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Franco Ordoñez of the Charlotte Observer/McClatchy newspapers posted this story last night about a bill that would try and reinstate driving privileges to those living illegally in the country, but also increase enforcement.

State Rep. Harry Warren, a Rowan County Republican, told the newspaper he would introduce the major legislation next week.

From the Charlotte Observer piece:

Republican lawmakers in North Carolina are expected next week to propose a sweeping new state law that would grant driving privileges to residents living in the country illegally but also would adopt Arizona-type enforcement measures that authorize police to check the immigration status of people they question for other suspected offenses.

Supporters say the proposal, a sign of a more welcoming approach that some states are taking with their unauthorized residents, would make the roads safer and help identify those who had been living hidden in society.

The measure also has significant political implications as national Republican leaders have warned the party must expand its appeal to Latinos. It’s not an easy task for a Republican-led North Carolina legislature, which must walk a fine line between reaching out to the state’s rapidly growing Latino community without antagonizing the party’s conservative base.

Immigrants living in the country without permission cannot currently get drivers licenses, a policy that affects about an estimated 325,000 people.

Warren said his bill would also include a controversial enforcement component that allows law enforcement to check immigration status of those who are stopped, according to the McClatchy article.

This comes on the heels of North Carolina’s DMV opting to drop its plan to use a fuchsia line on the licenses of young immigrants who receive permission to stay in the country under the Obama Administration’s deferred action policy.

 

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Two North Carolina legislators want the First Amendment to stay out of their county, and defy court rulings that prevent government bodies from invoking sectarian prayer before conducting public business.ford and warren

The “Rowan County Defense of Religion Act,” filed yesterday,  aims to make Rowan County in central North Carolina county an oasis where the U.S. Constitution’s First Amendment does not apply.

The resolution, filed by Rowan County Reps. Carl Ford and Harry Warren, also says the county will get to ignore rulings from higher courts seeking to uphold the Constitution’s powers.

Any constitutional scholars (or first year law students) around to fact check? Please, we’d love to hear what you think of this one.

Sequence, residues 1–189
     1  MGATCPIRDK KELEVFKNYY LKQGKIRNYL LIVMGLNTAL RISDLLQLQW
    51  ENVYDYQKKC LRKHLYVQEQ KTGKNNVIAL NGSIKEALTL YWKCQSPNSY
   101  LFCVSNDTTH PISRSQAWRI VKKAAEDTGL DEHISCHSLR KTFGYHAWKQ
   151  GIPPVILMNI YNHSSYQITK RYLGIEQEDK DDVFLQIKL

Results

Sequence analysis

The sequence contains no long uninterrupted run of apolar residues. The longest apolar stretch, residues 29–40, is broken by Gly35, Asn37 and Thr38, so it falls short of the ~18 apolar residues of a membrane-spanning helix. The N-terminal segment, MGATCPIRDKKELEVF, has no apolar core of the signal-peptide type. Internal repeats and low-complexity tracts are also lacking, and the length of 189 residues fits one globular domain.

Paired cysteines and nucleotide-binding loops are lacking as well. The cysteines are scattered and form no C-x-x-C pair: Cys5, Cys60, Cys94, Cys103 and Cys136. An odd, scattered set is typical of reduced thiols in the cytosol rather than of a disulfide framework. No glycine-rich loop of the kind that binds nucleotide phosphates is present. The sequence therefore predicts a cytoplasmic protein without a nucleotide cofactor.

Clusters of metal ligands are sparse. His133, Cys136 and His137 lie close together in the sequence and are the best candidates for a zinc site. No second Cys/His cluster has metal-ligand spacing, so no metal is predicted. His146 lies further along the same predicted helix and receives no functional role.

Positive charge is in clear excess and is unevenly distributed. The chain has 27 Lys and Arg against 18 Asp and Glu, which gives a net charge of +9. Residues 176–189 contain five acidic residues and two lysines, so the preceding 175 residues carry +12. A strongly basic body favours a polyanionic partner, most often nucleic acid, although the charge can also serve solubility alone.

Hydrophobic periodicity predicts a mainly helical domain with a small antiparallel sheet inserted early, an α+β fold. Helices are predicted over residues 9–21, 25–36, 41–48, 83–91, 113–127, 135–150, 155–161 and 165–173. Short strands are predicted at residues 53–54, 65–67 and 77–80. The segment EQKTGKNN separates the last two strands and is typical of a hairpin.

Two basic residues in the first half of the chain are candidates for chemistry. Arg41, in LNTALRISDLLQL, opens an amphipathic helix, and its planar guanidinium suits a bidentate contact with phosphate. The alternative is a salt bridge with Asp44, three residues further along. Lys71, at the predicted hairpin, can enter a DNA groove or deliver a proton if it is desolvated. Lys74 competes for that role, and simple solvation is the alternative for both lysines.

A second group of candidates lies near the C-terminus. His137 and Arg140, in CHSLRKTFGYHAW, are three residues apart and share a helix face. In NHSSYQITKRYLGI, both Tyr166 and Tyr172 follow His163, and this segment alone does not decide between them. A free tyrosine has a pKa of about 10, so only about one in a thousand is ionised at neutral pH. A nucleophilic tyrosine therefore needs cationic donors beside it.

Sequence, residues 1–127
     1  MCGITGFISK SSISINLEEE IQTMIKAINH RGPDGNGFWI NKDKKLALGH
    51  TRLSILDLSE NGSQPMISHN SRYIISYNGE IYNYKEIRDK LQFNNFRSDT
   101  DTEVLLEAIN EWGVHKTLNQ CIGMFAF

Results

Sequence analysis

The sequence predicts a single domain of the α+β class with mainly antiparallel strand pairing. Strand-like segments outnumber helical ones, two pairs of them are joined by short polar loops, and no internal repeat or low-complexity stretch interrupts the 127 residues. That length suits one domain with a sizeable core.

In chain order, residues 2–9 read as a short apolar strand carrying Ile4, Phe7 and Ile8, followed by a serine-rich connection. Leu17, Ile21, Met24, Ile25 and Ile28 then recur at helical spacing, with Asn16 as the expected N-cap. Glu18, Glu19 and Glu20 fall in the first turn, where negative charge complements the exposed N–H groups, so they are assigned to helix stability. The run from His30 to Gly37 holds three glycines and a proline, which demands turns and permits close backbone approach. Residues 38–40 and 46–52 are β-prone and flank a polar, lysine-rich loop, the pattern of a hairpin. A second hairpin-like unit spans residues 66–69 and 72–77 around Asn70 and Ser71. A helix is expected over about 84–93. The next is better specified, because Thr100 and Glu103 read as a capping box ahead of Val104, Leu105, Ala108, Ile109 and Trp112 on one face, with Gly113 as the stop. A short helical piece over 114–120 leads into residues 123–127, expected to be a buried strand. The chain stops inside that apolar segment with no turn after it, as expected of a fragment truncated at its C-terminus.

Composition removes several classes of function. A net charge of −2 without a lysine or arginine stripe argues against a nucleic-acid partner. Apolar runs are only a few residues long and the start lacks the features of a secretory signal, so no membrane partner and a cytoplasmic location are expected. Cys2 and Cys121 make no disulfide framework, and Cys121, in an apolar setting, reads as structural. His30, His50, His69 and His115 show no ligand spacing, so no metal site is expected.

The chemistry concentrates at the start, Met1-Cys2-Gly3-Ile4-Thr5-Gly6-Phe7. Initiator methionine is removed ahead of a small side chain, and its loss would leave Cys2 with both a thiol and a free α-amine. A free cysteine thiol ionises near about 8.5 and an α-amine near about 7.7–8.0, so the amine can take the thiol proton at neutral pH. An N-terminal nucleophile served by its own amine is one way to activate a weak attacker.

Here are some snippets from  (House Resolution 494):

Whereas the Establishment Clause of the First Amendment of the Constitution of the United States reads, ‘Congress shall make no law respecting an Establishing of Religion, or prohibiting the free exercise thereof’ and

Whereas this prohibition does not apply to states, municipalities, or schools….

and

“Whereas, the Constitution of the United States does not grant the federal government and does not grant the federal courts the power to determine what is or is not constitutional ….  the power to determine constitutionality and the proper interpretation and proper application of the Constitution is reserved to the states and to the  people.

The Rowan County Commissioners have been fighting attempts to stop them from using Christian prayers to open their meetings, and are being sued by the ACLU of North Carolina in federal court.

UPDATE: The ACLU of North Carolina had this to say about the bill, from legal director Chris Brook: “The bill sponsors fundamentally misunderstand constitutional law and the principles of the separation of powers that date back to the founding of this country.”

 

Rowan County Defense of Religion by ncpolicywatch

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A group of state lawmakers has been meeting behind closed doors to find a fix for North Carolina’s $2.4-billion unemployment insurance problem, money the state borrowed from the federal government in the height of the economic crisis.

A trio of Republican lawmakers – state Reps. Julia Howard, Edgar Starnes and Harry Warren – have been meeting weekly with legislative staff for the past 10 weeks to roll out a plan, Howard said. They plan on bringing their proposal to light on Wednesday at the N.C. Revenue Laws Committee which has the option of voting immediately on the mystery plan without holding any public discussion.

The result could be a massive overhaul of the state’s unemployment system, with a very real possibility that lawmakers side with business interests looking to cut back on how much and for how long the unemployed can collect. Advocates for the poor (like the N.C. Justice Center) say that option would cause further harm for families in crisis.

The money was borrowed at the height of the economic crisis, and went to pay for the first 26 weeks of unemployment for thousands of North Carolinians who lost their jobs as the state grappled with the fall-out from the collapse of the housing industry.  A series of tax breaks businesses received on unemployment insurance in the 1990s had left the state without enough money to weather the drastic increase of jobless workers during the Great Recession.

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